As mentioned in the previous post, I visited two exhibits on Thursday. This was the second one.
Fujio Akatsuka started out working in a chemical factory, while dabbling as a manga artist. He was accepted to work at Tezuka's Tokiwa-so collective, then later struck out on his own. Originally, he was a shojo artist, but his title "Nama-chan" became a hit in 1958, so he switched to boy's gag stories. His influences included Mad magazine and Buster Keaton. His "Osomatsu-kun" won the Shogaku-kan Manga Award in 1964. Two of the phrases he coined went on to enter the general Japanese lexicon, including "kore de ii noda" ("this is all right", and is the URL for his official website) and "shee!" (pronounced "shay", an interjection of astonishment, accompanied by a specific pose). He died in 2008 from pneumonia, at age 72.
"Osomatsu-kun" was one of the manga included in the Shonen Sunday-Shonen Magajin DNA exhibit. "Tensai Bakabon" is probably one of his most well-known popular works, and can be found on youtube. "Himitsu no Akko-chan" was a pioneering magical girl manga, with the young Akko being able to use a special compact to turn into anything she wants. "Akko-chan" was the first popular magical girl manga, but "Mahoutsukai Sunny" (which started running a couple of years later) was the first to be turned into a TV anime, making "Akko" the second magical girl anime to appear on TV.
The exhibit is in the Matsuya Ginza department store, a short walk from the JR Yurakucho station on the Yamanote line. It's placed in a chain of short rooms that snake around one end of the store. The rooms progress through Fujio's works chronologically, and include a fair amount of personal information and family photos. There are a lot of pages from the various manga, showing entire story lines, and some copies of the original manga in glass cases. At one point, instead of sheets of original artwork on the walls, the gallery printed the manga on white hanging banners, one page per banner. There are fun house mirrors at certain points, and next to a key set of panels where the father from "Tensai Bakabon" decides to kill himself and the manga fades off into a series of panels with "nashi" (nothing) written on them, a corner booth that would otherwise be holding a mirror is turned into a plain corridor with "nashi" written on a piece of paper on the floor.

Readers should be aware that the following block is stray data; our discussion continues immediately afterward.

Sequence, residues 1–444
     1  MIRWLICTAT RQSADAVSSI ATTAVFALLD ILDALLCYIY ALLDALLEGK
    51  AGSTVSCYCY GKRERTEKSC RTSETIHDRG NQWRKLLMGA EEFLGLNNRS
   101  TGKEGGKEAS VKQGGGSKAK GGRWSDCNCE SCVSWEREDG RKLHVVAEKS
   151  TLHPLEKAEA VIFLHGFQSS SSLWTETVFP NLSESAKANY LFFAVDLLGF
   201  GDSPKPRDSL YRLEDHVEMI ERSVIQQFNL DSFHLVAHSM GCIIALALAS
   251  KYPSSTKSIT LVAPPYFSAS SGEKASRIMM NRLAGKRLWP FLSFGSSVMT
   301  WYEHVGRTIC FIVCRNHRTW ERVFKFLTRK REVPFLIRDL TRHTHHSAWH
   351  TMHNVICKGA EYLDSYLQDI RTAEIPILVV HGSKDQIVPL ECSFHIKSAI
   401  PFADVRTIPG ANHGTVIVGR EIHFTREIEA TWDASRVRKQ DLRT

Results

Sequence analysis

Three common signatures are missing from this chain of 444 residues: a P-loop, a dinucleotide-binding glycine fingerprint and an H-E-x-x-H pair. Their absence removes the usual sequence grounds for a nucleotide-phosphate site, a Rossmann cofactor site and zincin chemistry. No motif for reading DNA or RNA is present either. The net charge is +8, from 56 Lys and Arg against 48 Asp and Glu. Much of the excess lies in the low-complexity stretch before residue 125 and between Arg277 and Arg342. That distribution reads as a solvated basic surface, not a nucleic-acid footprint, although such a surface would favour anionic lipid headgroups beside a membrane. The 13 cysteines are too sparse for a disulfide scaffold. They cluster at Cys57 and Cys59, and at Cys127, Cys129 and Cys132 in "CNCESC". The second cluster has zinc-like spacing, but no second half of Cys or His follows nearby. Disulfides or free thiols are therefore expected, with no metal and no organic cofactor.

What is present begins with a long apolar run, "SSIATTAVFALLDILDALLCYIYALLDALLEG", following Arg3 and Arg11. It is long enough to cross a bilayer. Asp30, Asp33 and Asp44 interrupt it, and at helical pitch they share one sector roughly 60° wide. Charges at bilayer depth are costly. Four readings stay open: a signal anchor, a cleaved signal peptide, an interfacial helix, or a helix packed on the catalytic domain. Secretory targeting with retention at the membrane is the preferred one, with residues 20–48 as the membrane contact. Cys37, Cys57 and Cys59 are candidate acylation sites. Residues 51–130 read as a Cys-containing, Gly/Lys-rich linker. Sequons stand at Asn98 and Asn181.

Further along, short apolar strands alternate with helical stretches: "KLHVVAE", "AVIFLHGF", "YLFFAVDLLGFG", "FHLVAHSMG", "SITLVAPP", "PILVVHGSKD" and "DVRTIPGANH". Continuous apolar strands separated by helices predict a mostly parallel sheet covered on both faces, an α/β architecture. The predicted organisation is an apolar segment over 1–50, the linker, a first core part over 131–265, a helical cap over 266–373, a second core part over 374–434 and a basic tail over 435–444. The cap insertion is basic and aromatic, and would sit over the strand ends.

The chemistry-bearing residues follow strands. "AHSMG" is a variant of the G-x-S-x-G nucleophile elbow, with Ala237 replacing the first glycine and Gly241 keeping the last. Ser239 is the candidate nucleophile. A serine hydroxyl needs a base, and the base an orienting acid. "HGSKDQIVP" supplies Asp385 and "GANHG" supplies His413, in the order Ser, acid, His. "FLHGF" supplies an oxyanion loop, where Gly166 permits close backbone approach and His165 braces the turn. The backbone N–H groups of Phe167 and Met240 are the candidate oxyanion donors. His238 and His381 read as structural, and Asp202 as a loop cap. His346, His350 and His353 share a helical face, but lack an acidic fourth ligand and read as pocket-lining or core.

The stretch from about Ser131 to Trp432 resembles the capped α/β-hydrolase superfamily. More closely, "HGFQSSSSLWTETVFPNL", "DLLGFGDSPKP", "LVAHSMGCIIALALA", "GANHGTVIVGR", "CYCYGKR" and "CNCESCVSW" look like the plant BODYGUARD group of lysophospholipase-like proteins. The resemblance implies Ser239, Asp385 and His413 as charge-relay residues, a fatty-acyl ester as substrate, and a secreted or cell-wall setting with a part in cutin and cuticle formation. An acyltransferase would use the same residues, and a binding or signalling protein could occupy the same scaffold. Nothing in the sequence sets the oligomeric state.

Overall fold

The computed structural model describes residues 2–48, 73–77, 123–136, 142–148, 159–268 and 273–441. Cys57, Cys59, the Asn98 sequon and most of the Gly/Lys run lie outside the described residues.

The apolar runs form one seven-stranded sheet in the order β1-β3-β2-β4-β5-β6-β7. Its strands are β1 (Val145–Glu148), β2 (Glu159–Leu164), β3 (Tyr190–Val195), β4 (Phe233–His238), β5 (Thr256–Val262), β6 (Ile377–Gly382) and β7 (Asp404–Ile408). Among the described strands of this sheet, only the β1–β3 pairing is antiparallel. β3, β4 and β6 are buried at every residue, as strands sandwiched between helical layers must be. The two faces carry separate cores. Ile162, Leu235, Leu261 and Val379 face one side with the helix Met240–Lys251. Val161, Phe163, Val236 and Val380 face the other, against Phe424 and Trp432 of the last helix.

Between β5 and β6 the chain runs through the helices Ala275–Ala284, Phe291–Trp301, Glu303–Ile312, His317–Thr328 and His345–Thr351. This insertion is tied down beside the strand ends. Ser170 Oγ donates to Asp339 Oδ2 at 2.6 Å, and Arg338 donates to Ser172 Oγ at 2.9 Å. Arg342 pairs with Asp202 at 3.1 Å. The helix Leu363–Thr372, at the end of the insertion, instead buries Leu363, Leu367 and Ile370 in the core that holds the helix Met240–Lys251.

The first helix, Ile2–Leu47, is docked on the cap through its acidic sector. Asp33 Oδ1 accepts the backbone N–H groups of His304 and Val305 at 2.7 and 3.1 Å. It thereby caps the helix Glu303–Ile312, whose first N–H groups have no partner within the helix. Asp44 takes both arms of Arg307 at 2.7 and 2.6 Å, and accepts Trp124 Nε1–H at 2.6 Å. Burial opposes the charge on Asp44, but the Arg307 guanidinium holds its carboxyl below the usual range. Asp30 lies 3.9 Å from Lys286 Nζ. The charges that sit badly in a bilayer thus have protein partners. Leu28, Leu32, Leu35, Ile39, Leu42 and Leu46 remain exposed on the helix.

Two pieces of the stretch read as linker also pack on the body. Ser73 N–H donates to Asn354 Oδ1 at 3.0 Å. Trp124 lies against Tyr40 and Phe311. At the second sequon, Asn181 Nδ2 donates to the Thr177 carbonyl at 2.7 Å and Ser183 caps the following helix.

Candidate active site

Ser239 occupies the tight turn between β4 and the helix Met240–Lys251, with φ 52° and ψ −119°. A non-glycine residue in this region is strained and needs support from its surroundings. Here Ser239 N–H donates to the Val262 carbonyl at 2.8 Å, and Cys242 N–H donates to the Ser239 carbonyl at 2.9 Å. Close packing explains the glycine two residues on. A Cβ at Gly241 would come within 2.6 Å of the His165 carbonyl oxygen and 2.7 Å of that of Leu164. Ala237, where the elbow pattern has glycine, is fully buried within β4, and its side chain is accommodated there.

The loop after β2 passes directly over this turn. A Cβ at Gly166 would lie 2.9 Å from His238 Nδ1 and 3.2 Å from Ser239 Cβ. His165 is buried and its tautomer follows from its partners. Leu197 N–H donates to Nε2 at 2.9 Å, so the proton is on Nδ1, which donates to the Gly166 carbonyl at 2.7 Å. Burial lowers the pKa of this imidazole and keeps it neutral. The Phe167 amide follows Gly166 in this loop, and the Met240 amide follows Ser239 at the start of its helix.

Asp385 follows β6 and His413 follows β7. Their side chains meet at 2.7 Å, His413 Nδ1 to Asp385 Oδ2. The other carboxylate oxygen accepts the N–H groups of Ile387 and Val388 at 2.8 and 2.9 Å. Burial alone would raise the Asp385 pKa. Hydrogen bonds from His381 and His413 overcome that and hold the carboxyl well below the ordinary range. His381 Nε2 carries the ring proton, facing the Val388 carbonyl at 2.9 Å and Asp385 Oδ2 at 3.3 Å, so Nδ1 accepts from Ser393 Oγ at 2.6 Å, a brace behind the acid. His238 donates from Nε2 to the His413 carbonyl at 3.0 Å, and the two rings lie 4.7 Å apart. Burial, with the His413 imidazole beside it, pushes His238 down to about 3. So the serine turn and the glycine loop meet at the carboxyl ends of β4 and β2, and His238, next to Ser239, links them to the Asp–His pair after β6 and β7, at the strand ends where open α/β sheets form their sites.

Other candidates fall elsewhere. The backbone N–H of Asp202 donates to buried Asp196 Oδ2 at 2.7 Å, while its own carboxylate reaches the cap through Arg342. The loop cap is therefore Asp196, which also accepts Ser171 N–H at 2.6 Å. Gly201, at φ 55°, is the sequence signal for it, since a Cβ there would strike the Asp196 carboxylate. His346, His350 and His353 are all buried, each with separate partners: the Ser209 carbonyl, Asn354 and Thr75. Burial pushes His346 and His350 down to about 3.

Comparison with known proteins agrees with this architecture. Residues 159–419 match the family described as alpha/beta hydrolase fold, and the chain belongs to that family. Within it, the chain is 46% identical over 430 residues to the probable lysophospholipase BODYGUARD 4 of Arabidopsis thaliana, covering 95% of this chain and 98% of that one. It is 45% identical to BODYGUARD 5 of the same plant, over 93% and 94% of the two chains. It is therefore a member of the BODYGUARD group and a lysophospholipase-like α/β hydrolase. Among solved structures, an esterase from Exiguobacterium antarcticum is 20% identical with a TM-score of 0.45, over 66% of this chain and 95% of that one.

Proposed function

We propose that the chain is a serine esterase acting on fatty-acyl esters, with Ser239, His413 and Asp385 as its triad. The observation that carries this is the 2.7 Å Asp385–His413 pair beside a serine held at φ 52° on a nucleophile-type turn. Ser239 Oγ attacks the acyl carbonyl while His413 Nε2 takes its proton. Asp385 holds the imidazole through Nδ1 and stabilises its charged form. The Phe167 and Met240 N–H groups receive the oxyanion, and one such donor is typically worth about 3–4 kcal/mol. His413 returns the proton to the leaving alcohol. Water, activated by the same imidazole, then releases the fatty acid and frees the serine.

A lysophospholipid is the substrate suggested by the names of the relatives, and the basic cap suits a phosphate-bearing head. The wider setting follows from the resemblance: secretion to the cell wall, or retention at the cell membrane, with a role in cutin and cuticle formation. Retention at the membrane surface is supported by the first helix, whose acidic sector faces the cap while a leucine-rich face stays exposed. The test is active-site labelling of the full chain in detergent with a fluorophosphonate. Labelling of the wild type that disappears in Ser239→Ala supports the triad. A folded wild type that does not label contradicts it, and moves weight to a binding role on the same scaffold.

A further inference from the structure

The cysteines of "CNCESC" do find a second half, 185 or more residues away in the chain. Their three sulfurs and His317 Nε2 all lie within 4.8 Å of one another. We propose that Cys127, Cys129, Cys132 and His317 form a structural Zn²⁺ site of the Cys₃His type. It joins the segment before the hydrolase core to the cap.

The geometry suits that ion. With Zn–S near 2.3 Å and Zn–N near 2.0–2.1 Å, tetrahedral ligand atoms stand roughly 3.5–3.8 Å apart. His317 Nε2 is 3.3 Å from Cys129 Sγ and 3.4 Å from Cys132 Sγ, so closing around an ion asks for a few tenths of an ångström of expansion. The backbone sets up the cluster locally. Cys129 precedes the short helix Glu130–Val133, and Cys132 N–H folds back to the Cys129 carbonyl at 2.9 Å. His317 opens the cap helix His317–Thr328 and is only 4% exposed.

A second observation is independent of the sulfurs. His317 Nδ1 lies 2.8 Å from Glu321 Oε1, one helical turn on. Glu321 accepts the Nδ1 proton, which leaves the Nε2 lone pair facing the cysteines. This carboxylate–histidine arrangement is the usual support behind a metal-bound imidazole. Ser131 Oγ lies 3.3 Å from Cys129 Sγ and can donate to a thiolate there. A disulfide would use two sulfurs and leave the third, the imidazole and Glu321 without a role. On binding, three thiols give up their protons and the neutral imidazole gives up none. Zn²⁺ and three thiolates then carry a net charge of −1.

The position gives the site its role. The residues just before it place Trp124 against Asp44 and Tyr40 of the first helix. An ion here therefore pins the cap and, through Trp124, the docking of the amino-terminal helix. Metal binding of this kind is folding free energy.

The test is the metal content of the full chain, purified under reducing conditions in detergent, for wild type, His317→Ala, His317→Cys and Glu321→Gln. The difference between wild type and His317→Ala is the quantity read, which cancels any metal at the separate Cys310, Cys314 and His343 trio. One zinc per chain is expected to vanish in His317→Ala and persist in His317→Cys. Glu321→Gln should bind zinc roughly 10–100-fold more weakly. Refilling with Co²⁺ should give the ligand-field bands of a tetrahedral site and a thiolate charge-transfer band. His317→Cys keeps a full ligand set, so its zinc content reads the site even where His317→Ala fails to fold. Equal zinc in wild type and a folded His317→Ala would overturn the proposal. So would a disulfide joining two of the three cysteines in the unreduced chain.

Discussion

It's obvious that the exhibit director was having fun here. Fujio himself was a king of the cornball gag, and he'd often dress up as the father from Tensai Bakabon (he looked just like that character), or do other silly stuff. One photo had him dragging a giant 3' tall geta (wooden Japanese sandal) on a leash, another had him doing a Milton Berle imitation, dressed up as various middle-aged women. And so on. And the exhibit director got into the act, from the mirrors and cloth banners, to a theater showing the TV anime, and a hallway lined with wooden cutouts of the various manga characters. Another wall consisted of nothing but photos of various TV celebrities doing the "Shee!" pose, interspersed with tribute drawings from many manga artists of their own characters doing the same pose (including Son Goku from Toriyama's "Dragon Ball", Michael from "What's Michael", Kindaichi from "Kindaichi's Case Files", and Monkey Punch's "Lupin III"). A speaker above the wall played "Shee!" on a 60-second loop.
At 2 PM on a Thursday afternoon, the exhibit was packed and people were definitely getting their 1000 yen's worth ($10 admission). It took close to an hour to go through the entire thing (not including the stop to watch the TV anime), and then there was the huge gift shop set up at the end with people lining up to buy a few hundred dollars worth of t-shirts, books, DVDs, snack crackers and toys, each.
Compared to the Amano exhibit, Fujio's won hands-down. Highly recommended. Runs until Sept. 7. Other activities also taking place, so check out the above flier.